Building a bridge from here to There

Let that magical paragraph wash over you for a moment. 
What? You don’t understand it? You don’t see the obvious connection between Red Riding Hood and giraffes? 

Don’t feel bad. I don’t either. 

Without transitions, those ideas clash like the outfits of babushka’d old women often seen waiting at city bus stops. Writers know that transitions are web, glue and story-maker, even if they’re writing a manual on how to operate a microwave. They are essential in helping us make connections between disparate ideas.
Let’s do a little transition-making edit on that Red Riding Hood-Giraffe paragraph. (Warning: This is not great writing. It is just an example, and if you can create a better link between Red and the Giraffe, please leave it in the comments box. It’d be fun to see what you do with it.) Here’s my attempt:  

Once upon a time, there was a little girl who lived in a village near the forest.  Whenever she went out, the little girl wore a red riding cloak, so everyone in the village called her Little Red Riding Hood. She’d spent the first part of her childhood living in Africa with her missionary parents, but after they returned to their home town, she adapted to her new life as a cloak-wearing villager. No one would have ever known that she missed Africa every waking moment of her days. After all, she’d had to leave her best friend Genette behind. Genette was a giraffe. For those who have never had the pleasure of having a friend like Genette, a bit of introduction to the species might be in order.  The giraffe (Giraffa camelopardalis) is an African even-toed ungulate mammal, the tallest of all extant land-living animal species, and the largest ruminant.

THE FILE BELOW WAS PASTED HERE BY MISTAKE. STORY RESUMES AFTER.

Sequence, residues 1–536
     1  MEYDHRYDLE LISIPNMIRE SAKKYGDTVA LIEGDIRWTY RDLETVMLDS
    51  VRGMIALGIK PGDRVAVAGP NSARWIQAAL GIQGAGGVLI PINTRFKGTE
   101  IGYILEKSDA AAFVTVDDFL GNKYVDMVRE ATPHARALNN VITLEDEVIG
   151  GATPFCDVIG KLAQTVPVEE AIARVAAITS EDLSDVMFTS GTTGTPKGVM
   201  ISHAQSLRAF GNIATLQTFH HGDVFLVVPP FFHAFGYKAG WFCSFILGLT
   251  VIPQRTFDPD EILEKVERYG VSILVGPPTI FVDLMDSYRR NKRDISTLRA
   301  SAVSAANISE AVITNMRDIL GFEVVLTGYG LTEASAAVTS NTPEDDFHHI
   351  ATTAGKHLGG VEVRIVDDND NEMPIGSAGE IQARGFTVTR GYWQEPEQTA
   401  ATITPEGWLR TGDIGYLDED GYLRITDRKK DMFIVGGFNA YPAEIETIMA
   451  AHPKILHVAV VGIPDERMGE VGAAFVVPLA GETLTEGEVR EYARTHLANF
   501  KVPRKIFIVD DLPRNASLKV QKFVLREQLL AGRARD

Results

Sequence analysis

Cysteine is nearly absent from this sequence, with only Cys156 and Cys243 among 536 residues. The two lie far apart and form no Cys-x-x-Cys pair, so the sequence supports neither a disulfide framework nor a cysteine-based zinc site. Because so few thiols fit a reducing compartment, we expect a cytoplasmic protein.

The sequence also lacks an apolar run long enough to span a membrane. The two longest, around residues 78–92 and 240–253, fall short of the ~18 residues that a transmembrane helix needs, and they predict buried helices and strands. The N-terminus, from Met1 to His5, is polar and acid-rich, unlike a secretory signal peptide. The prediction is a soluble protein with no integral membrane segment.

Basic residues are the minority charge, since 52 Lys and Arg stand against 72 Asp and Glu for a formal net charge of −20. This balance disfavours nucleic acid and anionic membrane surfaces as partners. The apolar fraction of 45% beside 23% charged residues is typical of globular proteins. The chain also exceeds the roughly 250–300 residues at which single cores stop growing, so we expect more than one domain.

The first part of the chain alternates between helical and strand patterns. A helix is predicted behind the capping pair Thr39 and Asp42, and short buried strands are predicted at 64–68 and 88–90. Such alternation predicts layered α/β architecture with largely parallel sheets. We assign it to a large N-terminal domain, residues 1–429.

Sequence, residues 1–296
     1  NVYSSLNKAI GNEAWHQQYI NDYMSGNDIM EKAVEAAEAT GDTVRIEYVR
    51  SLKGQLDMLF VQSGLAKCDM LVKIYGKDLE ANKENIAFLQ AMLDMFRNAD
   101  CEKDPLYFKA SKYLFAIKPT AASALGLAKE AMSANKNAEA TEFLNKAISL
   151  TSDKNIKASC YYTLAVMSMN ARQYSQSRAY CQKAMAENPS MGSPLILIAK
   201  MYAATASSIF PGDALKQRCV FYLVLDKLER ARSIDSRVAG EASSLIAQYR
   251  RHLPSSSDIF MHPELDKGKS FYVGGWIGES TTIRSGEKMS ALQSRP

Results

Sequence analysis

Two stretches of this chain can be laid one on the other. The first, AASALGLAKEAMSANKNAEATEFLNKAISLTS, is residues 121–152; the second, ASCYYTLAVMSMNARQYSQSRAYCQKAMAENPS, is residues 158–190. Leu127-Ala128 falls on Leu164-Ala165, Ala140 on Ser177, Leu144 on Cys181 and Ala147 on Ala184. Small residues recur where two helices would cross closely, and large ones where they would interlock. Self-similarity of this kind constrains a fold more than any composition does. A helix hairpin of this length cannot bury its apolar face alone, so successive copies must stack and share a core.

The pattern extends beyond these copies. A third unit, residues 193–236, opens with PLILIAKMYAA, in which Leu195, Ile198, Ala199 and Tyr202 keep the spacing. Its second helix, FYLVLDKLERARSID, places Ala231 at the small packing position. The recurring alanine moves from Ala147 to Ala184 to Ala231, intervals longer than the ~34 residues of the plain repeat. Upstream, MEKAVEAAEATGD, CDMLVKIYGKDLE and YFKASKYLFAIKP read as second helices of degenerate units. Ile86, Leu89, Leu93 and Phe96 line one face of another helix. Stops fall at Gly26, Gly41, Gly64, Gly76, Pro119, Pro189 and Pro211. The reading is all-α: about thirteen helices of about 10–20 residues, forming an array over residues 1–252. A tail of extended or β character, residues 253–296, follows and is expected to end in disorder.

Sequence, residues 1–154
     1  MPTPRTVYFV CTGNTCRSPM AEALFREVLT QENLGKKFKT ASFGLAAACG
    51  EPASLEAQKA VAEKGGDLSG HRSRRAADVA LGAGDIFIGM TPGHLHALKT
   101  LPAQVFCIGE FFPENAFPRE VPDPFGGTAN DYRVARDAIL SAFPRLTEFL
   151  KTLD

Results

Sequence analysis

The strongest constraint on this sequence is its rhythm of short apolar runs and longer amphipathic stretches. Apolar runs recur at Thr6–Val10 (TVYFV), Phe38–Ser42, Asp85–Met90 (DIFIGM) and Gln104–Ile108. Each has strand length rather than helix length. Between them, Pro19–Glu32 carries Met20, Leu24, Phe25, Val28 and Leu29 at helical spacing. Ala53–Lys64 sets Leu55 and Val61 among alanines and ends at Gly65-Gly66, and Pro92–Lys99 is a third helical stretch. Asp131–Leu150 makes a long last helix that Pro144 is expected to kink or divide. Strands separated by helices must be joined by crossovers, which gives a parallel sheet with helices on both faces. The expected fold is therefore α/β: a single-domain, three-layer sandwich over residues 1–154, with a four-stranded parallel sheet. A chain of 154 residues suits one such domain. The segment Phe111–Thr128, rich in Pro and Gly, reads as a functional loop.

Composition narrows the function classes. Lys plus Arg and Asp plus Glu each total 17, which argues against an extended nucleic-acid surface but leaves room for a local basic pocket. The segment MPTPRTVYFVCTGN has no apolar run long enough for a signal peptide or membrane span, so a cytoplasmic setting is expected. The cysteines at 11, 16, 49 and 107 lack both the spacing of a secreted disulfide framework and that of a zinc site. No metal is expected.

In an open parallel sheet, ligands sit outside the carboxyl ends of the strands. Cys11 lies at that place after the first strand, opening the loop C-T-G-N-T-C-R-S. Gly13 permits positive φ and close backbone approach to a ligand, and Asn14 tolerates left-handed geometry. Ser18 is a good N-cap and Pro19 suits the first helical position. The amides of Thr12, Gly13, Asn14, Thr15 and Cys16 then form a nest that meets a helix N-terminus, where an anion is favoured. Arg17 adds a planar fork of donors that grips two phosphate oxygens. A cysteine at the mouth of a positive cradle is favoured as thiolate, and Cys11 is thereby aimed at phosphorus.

Like I said, it may not be great writing, but at least it doesn’t leave you scratching your red riding hood in confusion. I serve as an online tutor for a number of home school students, and understanding how to transition between ideas comes easily to some and has to be coached into the writing of others. 

Some of the basics of transitioning can be taught, but a lot of them are caught through exposure. Transitions are all around us – from those awkward segue-ways during local newscasts (“Speaking of hot, how about them Cubs?”) to the fades and dissolves in every video, TV show and movie to the way most of us move from topic to topic in unstructured conversation.
And of course, we see transitions in what we read. When a reader is carried to new places by an author’s words, transitions have created an invisible bridge from here to There.   

As a writer, I want to create bridges and carry readers to the places God has carried me. I don’t ever want to leave a reader behind because my bridge is poorly constructed. 

There is one group of people who don’t always do much thinking about communication transitions – to their detriment. Next time, I’ll take a look at who these people are and what they can do to carry their audience with them.


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